Accordingly, it is desirable to provide a system and method for configuring computing devices within the context of a multi-party communications network that provides sufficient flexibility to accommodate the different needs of each of the entities who provide services by way of the network, while providing the ability to update the needs of each entity as they change.
 In accordance with the present invention, the foregoing objectives are achieved by means of machine-readable descriptions, identified herein as account templates, which represent policies applicable to all of the computing devices within a network, polices applicable to only a subset of the computing devices, and/or polices applicable to an individual computing device with in the network.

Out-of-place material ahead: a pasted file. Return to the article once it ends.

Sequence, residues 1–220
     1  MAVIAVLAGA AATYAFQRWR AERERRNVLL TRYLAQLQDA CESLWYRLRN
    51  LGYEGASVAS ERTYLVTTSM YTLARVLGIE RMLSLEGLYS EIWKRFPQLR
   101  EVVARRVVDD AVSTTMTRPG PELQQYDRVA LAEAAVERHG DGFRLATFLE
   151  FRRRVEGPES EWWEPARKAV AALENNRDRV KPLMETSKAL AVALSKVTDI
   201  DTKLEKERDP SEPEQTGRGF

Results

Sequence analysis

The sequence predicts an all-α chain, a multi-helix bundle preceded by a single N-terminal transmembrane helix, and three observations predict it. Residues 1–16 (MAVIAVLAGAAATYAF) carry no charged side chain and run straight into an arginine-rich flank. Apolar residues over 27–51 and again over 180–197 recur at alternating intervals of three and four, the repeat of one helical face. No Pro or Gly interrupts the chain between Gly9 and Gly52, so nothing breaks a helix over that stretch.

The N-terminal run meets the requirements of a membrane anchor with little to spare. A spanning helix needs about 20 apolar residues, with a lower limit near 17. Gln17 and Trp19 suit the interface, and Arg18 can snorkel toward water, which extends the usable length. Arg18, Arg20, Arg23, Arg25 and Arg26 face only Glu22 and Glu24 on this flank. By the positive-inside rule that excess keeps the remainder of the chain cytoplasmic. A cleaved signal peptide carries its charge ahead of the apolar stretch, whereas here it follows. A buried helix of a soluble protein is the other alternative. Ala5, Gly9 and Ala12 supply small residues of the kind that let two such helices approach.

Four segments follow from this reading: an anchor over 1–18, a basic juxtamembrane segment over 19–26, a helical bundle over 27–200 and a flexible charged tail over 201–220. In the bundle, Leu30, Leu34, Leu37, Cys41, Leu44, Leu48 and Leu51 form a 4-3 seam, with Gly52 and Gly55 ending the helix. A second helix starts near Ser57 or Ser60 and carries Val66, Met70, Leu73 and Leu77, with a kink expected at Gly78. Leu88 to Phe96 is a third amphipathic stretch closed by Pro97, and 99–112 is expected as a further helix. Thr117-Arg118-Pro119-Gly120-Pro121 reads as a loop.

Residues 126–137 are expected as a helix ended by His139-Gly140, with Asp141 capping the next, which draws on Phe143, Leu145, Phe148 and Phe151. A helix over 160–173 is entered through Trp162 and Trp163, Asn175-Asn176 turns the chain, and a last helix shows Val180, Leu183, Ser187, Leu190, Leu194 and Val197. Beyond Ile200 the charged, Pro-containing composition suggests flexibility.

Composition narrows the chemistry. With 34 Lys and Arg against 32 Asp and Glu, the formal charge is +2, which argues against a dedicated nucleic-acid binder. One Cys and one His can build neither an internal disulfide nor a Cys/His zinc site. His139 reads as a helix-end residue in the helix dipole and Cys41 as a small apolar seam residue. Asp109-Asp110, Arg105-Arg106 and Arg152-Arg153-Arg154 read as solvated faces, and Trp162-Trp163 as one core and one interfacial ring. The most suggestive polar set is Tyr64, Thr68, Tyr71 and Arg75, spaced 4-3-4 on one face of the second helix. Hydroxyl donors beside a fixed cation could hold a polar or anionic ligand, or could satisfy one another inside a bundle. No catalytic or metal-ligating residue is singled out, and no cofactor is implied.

These and other features of the invention are explained in greater detail hereinafter with reference to an exemplary embodiment of an invention illustrated in the accompanying drawings.
FIG. 1 is an overview of an environment in which an embodiment of the invention can be implemented;
FIG. 2 is a block diagram of one embodiment of a hardware configuration for a web site in a data center;
FIG. 3 is a block diagram of a provisioning framework in which an embodiment of the invention can be implemented; and
FIGS. 4a-4 b are flow diagrams describing the creation and implementation of templates according to an embodiment of the present invention.